An other important aspect is using the breath to inform the movements, often contracting when breathing in and expanding when breathing out to help deepen the stretch.
It is suggested to use Ujjayi breath during this practice, which is done by closing off the throat (specifically constricting the glottis) gently while breathing through the nose to create an ocean sound. This is said to come with many benefits over normal breathing.
Sun Salutation is The Most Famous Vinyasa
One of the most famous vinyasas is the sun salutation. However, there exists numerous forms.
In one of the most common, you begin in a standing position and breathe in as you stretch your arms above your head, then bend over with your hands to your feet as you breathe out. With an inhale, you lift up to a flat back position with your hands at your knees, then exhale as you drop down with your hands on the ground and jump the feet back, settling by lowering yourself onto your stomach. Then you lift yourself up into cobra or upward facing dog while breathing in, then lower down, pushing yourself up to a plank, then into downward facing dog as you exhale.
This set of movements is so instrumental to the practice that the sequence, plank to cobra/upward facing dog to downward facing dog is often just called a “vinyasa”. Vinyasas often have a circular component, ending in the same position in which it started. Mastering the sun salutation is one of most important practices in vinyasa yoga.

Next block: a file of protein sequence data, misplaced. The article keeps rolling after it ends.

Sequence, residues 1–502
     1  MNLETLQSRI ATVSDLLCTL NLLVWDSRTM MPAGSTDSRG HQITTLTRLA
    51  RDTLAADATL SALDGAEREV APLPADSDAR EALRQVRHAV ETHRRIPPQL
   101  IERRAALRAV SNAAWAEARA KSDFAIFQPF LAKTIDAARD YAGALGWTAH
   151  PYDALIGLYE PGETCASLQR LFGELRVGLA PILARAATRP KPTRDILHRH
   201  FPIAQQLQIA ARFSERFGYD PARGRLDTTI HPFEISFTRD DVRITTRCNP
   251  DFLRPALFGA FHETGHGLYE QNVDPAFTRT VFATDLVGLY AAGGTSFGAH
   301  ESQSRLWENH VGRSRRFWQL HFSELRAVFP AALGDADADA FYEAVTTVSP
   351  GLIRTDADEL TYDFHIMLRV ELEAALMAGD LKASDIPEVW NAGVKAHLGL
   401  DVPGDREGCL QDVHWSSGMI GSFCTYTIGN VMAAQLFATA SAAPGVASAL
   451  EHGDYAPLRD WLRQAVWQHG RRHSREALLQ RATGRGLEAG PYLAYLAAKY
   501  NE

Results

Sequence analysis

Different Styles of Vinyasa Yoga
Within the umbrella of “vinyasa yoga” there are a few different styles, each with their own particular focus. Among the most well known of these is Ashtanga yoga as developed by K. Pattabhi Jois. Although it does focus on all eight limbs of yoga, Ashtanga is based on the belief that having a daily asana practice and strong body are crucial to the more spiritual aspects. What makes Ashtanga unique is that it has a set series of positions that must always be practised in the same sequence with no variations. There are six separate sequences of increasing difficulty and a student cannot move onto the next until mastering the former.
More than just postures, Ashtanga also has a very specific drishti and breathing pattern with each position. Although it is considered a type of vinyasa yoga, it is rare to ever see it labeled as such.
The primary developers of power yoga, Bryan Kest and Beryl Bender Birch, were students of Jois. Power yoga is typically a more intense version of yoga, with the primary focus on exercise and strength building, though the founders assert that they take the spiritual aspect of the practice very seriously.
Vinyasa flow yoga can take a variety of forms, be either rigorous or gentle, but always focuses on the smooth transition from one position to the next.
Both styles are teacher driven. They don’t follow the set sequence that Ashtanga yoga, but instead can be whatever the teacher or student feels is best for that day or the class. This can make it a bit more interesting to those who tire of doing the same thing day after day.